The freeze-thaw cycle and the thrust forces it induces may indeed play a role in the migration of rocks to the surface of the soil in which they are. But then, why wouldn’t the rock simply fall back to where it had been before the freezing started? Another process is operating. Herein we observe the difference between fluid and solid behavior. 

Whether wet or dry, freezing and thawing or just unfrozen, soil is made up of particles. When they are loose and not locked by friction into a rigid formation, they will move. Reasons to move include freezing, being washed, pressure from one side not balanced at the other, and vibration, with influence from gravity. Generally at depth soils will be packed, but they can still respond to these influences. 

First there is the rock at depth, below the frost line. For this rock, movement depends entirely on vibration. A vibration passing through the soil momentarily and microscopically lifts the rock, and soil particles fall into the space left open, in the manner of fluid particles. But when the vibration forces the rock down upon the soil particles beneath it, the force does not cause the particle to move away from its position beneath the rock; its behavior has become that of a solid. Hence over time and many cycles of vibration, soil migrates under the stone. The solid does not need to be more dense than the object it supports to support it. Once the soil particles are forced beneath the rock, they will stay there, gradually exerting upward force which is not resisted by any equal down ward force. As the rock gradually migrates up through the soil, the soil above remains less packed, may even grow looser, as the pressures from below cause the soil to crown. As the soils below fill in beneath the rock, the particles on the side fall down to fill in behind the soil particles going under the stone, and the particles from above fill in around the stone. Thus the behavior of the soil particles, when the vibration lifts the stone, is fluid-like, but the behavior of the soil particles when the vibration packs down on them is solid-like. The solid-like behavior prevents the rock from moving down, while the fluid-like behavior allows it to move up. Hence they take a one-way journey from below to above the surface.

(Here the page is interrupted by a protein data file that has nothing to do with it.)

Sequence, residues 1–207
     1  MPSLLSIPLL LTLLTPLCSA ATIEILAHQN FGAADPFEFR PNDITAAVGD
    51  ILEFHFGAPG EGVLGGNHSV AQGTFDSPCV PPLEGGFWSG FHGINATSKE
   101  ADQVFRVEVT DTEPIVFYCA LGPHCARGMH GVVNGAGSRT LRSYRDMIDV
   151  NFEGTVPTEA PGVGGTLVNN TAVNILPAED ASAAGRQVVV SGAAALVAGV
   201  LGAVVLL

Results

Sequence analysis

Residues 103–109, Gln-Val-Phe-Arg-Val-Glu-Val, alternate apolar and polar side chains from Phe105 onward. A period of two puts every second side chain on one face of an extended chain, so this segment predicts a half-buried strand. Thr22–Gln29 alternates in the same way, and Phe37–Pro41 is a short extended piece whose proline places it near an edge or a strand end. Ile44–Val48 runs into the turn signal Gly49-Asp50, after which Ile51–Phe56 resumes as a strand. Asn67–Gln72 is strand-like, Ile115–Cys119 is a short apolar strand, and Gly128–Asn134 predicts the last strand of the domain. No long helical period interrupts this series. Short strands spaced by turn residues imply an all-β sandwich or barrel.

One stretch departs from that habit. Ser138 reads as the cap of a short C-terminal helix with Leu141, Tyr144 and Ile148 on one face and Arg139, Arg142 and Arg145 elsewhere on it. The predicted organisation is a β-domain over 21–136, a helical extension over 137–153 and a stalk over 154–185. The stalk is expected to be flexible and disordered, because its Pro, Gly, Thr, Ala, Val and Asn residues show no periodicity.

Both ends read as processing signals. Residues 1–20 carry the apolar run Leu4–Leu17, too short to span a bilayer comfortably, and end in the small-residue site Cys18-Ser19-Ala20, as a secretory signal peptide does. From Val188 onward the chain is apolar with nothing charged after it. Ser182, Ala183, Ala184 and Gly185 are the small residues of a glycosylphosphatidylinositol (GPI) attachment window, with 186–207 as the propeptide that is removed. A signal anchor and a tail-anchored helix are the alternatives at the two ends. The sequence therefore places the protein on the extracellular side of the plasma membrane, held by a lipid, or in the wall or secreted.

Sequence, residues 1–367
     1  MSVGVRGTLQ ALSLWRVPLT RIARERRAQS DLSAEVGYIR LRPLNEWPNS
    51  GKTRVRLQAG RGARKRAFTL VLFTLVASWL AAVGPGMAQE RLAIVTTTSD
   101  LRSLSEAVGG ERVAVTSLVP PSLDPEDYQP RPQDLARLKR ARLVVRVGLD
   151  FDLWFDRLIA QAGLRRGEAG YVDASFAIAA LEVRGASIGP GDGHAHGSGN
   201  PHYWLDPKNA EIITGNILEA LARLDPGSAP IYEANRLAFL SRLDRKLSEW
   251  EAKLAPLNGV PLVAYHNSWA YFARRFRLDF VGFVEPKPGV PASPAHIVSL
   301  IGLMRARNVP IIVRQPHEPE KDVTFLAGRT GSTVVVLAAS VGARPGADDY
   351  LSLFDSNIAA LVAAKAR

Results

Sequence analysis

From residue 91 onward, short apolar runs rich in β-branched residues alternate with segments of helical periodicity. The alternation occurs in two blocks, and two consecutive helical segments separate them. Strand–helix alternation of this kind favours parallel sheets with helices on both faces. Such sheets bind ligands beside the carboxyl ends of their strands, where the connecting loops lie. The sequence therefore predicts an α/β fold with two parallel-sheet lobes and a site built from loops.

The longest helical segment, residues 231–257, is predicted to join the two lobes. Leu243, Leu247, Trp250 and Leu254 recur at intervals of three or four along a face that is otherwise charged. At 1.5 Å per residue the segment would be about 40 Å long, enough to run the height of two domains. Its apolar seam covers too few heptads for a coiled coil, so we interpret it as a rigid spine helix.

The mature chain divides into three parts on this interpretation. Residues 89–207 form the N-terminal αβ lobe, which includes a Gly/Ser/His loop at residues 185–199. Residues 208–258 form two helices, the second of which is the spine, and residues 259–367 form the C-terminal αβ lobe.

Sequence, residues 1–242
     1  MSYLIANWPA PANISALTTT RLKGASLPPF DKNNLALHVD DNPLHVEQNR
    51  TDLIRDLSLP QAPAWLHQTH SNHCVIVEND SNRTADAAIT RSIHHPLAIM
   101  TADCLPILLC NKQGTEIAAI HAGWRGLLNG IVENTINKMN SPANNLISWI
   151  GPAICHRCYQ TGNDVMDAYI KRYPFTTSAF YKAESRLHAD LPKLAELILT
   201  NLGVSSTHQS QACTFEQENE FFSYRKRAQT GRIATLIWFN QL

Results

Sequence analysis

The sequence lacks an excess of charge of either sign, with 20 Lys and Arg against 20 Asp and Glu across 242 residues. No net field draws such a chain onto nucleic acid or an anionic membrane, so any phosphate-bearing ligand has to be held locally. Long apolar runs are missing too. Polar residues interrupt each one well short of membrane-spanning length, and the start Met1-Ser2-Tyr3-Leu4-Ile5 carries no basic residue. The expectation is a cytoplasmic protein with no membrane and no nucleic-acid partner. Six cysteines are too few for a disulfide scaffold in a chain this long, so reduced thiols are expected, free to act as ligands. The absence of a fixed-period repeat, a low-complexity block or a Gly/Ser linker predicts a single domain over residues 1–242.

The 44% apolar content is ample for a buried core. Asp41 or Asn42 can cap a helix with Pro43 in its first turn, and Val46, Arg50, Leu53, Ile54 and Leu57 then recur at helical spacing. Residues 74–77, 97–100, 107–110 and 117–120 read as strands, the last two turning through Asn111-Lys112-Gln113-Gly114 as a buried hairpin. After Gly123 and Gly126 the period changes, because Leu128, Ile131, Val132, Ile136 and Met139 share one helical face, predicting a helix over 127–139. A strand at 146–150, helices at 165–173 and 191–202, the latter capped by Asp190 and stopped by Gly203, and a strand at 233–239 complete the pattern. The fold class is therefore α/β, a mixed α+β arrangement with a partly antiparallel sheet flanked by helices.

From here the action of frost is to accelerate the process of emergence. When ice crystals do form, and melt, they create spaces for particles to fall into. If the process of crystal formation moves the stone, this will leave additional space for soil particles to migrate into. 

Washing of particles may in fact undermine a rock and cause it to subside. Washing is likely to participate in the lifting of a rock on the scale of an individual particle, if just enough water is present to lubricate the passage of the particle, or impel it more expeditiously, to occupy the spaces created by crystals and vibrations. 

The effect of pressure from one side is like the effect of the rock rising through the soil. It has only one direction in which to go. A soil particle poised beside a cavity beneath a rock will, when the some random vibration passes through the soil, fall in the direction of the cavity, and not the other way. That is the one thing it can do.